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Keynote address by Secretary (East) in the ASEAN Ambassadors Interactive Roundtable Fourm in New Delhi (September 18, 2014)

September 18, 2014

Mr. Anupam Shah, Chairman of EEPC India,

Representatives of the Indian Industry,

Ambassadors and diplomats from ASEAN countries based in Delhi,

Ladies and Gentlemen,


It is my pleasure to participate in the round table organised by EEPC with ASEAN Ambassadors, on the subject of "Building Partnerships with Indian Engineering & Manufacturing Sector”. As India moves into the third decade of its partnership with ASEAN and prepares for the next ASEAN-India Summit meeting in November, this is a timely and important discussion.

In recent times, the Indian economy has seen a rapid transformation and moved from an agriculture based economy to one in which the services sector contributes 57% of our GDP. Although the manufacturing sector contributes only 16% of our GDP, it has been steadily growing. According to a recent study by McKinsey and Company, India's manufacturing sector could reach $1 trillion by 2025. Rising costs in other manufacturing hubs have motivated foreign companies and multinational companies to establish production plants in India ranging from mobile phones to automobiles, and luxury brands, among others. Deloitte’s global index for 38 nations in 2013 ranked India the 4th largest competitive manufacturing nation.

The government has focused on enhancing manufacturing output and quality and announced in 2011 a new National Manufacturing Policy, which aims to enhance within the next decade the share of manufacturing in GDP from 16% at present to 25% and creating 100 million jobs.

Our engineering sector is among the top two contributors to the total Indian export basket with total shipments of US$ 56.7 billion in 2012-13. Our engineering exports to our Free Trade Agreement (FTA) partners including the ASEAN have witnessed robust growth.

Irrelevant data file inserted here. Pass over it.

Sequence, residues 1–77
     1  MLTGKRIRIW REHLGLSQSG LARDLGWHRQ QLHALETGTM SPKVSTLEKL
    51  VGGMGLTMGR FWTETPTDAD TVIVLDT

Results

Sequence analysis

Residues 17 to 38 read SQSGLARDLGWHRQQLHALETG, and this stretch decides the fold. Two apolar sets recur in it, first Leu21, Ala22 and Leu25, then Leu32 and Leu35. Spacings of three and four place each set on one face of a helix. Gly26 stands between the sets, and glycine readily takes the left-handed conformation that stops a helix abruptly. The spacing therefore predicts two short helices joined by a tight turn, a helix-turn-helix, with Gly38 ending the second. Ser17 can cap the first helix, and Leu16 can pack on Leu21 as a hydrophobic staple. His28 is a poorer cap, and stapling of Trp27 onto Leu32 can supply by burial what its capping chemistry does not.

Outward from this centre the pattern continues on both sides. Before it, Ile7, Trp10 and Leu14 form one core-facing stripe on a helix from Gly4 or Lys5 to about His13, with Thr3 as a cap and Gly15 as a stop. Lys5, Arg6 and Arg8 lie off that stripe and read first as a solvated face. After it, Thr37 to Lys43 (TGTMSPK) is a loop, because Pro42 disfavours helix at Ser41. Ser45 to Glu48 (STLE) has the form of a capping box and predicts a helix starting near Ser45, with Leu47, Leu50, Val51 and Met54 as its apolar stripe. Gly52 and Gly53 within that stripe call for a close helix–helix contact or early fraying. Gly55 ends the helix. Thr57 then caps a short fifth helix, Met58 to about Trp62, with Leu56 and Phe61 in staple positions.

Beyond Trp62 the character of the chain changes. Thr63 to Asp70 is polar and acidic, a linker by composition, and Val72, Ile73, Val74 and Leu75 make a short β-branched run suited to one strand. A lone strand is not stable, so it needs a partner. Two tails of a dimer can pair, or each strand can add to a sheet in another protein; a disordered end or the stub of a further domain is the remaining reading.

With India boasting of a large coastline of more than 7500 km, we are strategically located as a hub for exporting to countries in both Europe and Africa we are making our major ports more competitive through capacity augmentation, mechanization, capital dredging and corporatization. We are upgrading and expanding our shipping industry, having awarded 30 projects entailing an investment of over US$ 3.32 billion in 2013-14 alone. Special attention is being given to development of private ports on the Eastern Coast of India, which will significantly contribute to the growth of India’s external trade especially with ASEAN countries.

This makes India, an ideal choice and location, for ASEAN countries both for co-locating manufacturing plants, and for becoming an export hub. This was encapsulated in our Prime Minister’s recent call for ‘Make in India’ about which we will hear further details in coming weeks.

Our Foreign Direct Investment policy is widely reckoned to be among the most liberal in the emerging economies, allowing upto 100% FDI under the automatic route in several sectors and activities. ASEAN countries which are located in India’s neighbourhood and periphery can explore business potential through trade, investments, and partnerships in both traditional fields such as infrastructure, manufacturing, pharma, automobiles, and also new sectors such as telecom & IT, medicine, tourism etc where our complementarities can be of mutual benefit.